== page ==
or more, before the next time.
Or maybe there won't be a next time.
He goes, I stay; who knows?
He has taken his big body
made fat by booze and chocolate
and sedentary living,
eagerly off after one last hug.
He has taken his white laptop
and the slim black mobile phone.
No more calls to America at 2 am
and we get back our dining table.
He has taken both old sleeping-bags,
patched and heavy, 30-year relics
of him and his brother as kids.
I didn't say no, but now I wish he'd left one.
He fixed the things around the house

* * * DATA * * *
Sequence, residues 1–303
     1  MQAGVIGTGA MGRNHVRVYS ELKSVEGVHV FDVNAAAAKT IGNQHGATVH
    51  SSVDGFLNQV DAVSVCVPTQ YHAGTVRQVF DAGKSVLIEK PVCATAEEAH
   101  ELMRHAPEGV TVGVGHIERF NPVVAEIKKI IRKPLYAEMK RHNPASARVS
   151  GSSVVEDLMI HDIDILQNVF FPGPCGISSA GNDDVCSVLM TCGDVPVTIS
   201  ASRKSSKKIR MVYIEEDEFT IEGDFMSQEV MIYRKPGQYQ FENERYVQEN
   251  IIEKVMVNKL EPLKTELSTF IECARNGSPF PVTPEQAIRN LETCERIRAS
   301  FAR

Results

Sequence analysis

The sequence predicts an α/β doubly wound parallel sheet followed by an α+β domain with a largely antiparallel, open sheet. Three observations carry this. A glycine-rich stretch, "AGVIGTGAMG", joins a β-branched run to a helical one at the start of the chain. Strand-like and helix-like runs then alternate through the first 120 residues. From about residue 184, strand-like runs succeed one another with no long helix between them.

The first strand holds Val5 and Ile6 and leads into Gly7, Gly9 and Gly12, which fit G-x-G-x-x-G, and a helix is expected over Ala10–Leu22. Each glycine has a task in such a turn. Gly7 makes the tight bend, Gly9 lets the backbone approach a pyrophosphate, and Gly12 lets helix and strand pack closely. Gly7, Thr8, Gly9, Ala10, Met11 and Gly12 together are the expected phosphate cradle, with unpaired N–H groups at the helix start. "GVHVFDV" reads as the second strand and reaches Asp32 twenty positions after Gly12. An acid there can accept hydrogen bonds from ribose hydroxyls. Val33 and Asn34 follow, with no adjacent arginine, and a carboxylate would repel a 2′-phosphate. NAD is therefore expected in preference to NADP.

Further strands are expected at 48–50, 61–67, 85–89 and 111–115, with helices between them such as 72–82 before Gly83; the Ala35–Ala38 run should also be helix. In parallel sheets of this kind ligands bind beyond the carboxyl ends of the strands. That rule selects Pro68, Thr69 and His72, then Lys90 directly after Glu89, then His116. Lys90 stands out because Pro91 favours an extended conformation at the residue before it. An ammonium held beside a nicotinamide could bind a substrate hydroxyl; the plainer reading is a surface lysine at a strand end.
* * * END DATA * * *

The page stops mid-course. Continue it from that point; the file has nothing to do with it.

that weren't working: electrical items,
carpentry jobs, the way we do the budget,
the irritating noise from the back of the fridge.
And he pointed out the lies
with which I've surrounded myself
and those that I've been telling; left me
with many questions and a new desire to ask.
I'm weepy. My head spins and jangles
after the car drives off with a cheery toot.
'We need a smudge stick,' his stepfather says,
'To get all that crap out of the house!'
© Rosemary Nissen-Wade 2008